Dublin, Ireland. We are seeing the first good days here, leading up to the golden days of mid-summer, and I’ve been talking to elderly friends here in the Irish countryside about what they used to do when the sun shone. The answer, of course, was that they made hay. When farmers heard the cry of … Read more
As it was in the beginning… farmers need protection from those who have taken privileges, not protection by the military might of those privileged marauders. The least we could do is get the story straight.
Is farming a mistake? Up until a generation or two ago, you would find no people of any background who would make this assertion — even though we’ve been farming for thousands of years and presumably if it was a bad thing it might have occurred to someone else before now to say so.
Whatever the future of this broken world, today we can attend to the work of repair and restoration. That does not require hope in what is to come but, rather, a belief in our ability to manage our lives without hierarchy and a faith in each other’s capacity for mutuality.
Not everyone is sure that today’s industrialized, globalized societies will be around long enough to define a new geological epoch. Perhaps we are just a flash in the pan – an event – rather than a long, enduring epoch.
Others debate the utility of picking a single thin line in Earth’s geological record to mark the start of human impacts in the geological record. Maybe the Anthropocene began at different times in different parts of the world.
Did you know that we can lose half our food supply and it won’t matter? That’s because agriculture is only 3% of GDP, so there’s no need to worry about the effects of climate change on farming. Or so says the latest genius to win the Nobel Prize in economics.
We have eliminated the species around us with reckless abandon and without concern for whether we can survive without them. An alarming new study suggests a rapidly accelerating decline in worldwide insect populations. Can we survive without the insects of the world?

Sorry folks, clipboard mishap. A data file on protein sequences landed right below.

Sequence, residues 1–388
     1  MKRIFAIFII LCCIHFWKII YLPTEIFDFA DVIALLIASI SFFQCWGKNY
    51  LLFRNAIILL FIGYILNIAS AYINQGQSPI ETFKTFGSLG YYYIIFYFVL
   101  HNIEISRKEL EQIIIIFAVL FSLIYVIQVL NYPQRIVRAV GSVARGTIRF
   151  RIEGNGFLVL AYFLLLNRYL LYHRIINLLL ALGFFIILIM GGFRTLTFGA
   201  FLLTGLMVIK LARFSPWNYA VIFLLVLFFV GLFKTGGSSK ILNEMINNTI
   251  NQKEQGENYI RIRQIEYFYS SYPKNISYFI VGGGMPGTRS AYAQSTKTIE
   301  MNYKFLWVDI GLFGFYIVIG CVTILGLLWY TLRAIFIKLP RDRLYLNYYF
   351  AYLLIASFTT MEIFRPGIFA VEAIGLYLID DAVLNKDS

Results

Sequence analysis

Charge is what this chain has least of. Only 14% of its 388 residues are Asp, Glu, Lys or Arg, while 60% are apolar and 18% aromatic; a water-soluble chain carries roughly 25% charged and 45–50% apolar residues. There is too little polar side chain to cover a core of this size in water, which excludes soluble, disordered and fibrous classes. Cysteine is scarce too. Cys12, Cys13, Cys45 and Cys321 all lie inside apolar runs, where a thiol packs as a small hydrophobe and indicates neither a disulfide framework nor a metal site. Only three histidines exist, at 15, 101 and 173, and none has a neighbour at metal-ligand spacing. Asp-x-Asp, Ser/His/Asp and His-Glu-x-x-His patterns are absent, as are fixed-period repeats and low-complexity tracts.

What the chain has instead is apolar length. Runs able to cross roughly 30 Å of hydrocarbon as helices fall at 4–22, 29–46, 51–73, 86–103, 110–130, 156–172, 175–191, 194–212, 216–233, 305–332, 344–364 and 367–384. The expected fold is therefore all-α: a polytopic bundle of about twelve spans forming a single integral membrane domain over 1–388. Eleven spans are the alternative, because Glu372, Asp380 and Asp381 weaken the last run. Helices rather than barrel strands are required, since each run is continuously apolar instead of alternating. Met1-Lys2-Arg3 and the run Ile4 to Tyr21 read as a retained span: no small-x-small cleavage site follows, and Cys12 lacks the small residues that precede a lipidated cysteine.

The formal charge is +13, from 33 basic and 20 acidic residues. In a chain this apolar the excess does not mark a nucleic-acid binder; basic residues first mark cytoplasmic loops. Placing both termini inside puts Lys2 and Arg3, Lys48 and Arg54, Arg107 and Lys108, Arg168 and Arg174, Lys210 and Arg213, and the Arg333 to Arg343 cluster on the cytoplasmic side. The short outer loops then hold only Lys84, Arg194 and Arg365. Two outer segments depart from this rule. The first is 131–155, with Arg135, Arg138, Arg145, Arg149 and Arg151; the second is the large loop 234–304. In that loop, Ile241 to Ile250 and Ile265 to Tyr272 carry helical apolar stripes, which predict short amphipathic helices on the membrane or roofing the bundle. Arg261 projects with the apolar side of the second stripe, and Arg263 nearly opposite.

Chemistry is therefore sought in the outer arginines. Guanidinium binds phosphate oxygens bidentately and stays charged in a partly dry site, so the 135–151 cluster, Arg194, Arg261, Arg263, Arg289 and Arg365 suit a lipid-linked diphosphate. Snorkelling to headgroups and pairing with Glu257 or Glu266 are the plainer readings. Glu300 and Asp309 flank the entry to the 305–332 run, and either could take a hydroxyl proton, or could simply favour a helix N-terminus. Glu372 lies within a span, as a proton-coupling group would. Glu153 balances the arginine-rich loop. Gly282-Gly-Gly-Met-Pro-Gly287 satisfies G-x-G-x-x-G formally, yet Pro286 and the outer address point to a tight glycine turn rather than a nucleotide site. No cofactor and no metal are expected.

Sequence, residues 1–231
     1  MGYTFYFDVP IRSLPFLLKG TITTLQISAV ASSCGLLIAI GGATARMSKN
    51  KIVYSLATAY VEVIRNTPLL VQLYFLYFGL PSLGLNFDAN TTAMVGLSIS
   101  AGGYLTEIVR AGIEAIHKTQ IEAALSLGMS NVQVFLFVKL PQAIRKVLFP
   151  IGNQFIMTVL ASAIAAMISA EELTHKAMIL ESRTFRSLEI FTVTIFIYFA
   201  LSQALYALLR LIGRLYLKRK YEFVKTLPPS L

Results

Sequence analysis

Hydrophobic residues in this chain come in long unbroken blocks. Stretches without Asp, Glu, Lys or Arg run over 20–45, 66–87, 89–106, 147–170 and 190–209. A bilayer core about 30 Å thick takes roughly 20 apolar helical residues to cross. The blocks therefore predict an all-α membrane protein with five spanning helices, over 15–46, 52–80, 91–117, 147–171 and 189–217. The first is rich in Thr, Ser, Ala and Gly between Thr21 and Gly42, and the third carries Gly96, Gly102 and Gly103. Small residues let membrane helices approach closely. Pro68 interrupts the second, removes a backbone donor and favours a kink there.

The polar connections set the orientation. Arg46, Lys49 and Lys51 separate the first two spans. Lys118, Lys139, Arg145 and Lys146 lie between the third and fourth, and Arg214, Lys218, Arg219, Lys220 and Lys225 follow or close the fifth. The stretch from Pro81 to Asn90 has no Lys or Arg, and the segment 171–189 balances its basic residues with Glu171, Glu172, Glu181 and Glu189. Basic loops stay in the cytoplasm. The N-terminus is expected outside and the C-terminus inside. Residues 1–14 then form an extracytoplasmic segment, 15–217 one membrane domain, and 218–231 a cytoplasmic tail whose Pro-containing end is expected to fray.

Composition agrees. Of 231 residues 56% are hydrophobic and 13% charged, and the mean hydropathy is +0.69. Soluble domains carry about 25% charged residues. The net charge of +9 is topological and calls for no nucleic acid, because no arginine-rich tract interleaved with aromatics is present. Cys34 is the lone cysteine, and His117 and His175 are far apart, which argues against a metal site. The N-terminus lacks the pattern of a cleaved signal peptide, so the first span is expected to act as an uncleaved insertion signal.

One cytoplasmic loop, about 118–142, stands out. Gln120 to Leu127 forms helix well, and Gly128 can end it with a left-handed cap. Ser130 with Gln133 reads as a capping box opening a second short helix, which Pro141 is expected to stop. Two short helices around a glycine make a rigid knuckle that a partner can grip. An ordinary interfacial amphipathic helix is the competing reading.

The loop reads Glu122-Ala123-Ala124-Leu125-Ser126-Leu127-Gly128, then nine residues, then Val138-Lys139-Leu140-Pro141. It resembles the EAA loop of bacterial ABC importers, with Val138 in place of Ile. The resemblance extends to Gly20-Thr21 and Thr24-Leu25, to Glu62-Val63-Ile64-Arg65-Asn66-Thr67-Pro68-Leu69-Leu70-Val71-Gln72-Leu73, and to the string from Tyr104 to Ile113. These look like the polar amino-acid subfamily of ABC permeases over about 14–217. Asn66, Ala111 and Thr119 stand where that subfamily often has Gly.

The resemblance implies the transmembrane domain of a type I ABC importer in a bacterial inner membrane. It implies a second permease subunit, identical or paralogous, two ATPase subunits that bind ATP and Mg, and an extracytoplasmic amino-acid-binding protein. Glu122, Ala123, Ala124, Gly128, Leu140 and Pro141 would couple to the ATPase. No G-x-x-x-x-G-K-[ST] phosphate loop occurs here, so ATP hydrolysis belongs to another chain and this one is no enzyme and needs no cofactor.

Phosphorus is a key ingredient in modern fertilizers and essential for all living organisms. Will we have enough to feed the world in the decades to come?
Tis the seaso‘n when food is on most of our minds. What if next year or the year after some of that food was no longer available or even edible?
There is a notion afoot that our agricultural production can simply migrate toward the poles in the face of climate change as areas in lower latitudes overheat and dry up. Few people contemplate what such a move would entail and whether it would actually be feasible.
But how did we get from the Palaeolithic foraging of my last post to the very apogee of mixed agrarianism shown in the picture? I’m glad you asked. To answer it, I need to go to way back when and return to my main historical thread by looking at some of the tensions within…
In the beginning, there was a Miocene ape – the common ancestor of our genus Homo and our closest living relatives, the chimpanzees and gorillas. It bequeathed to us its descendants, so the primatologists suggest, a tendency towards (particularly male, but also female) status ranking. Do we need to go that far back into our evolutionary past in order to understand the nature of status competition in contemporary societies? Perhaps it’s a sociological heresy to say so, but I think the answer is quite possibly yes.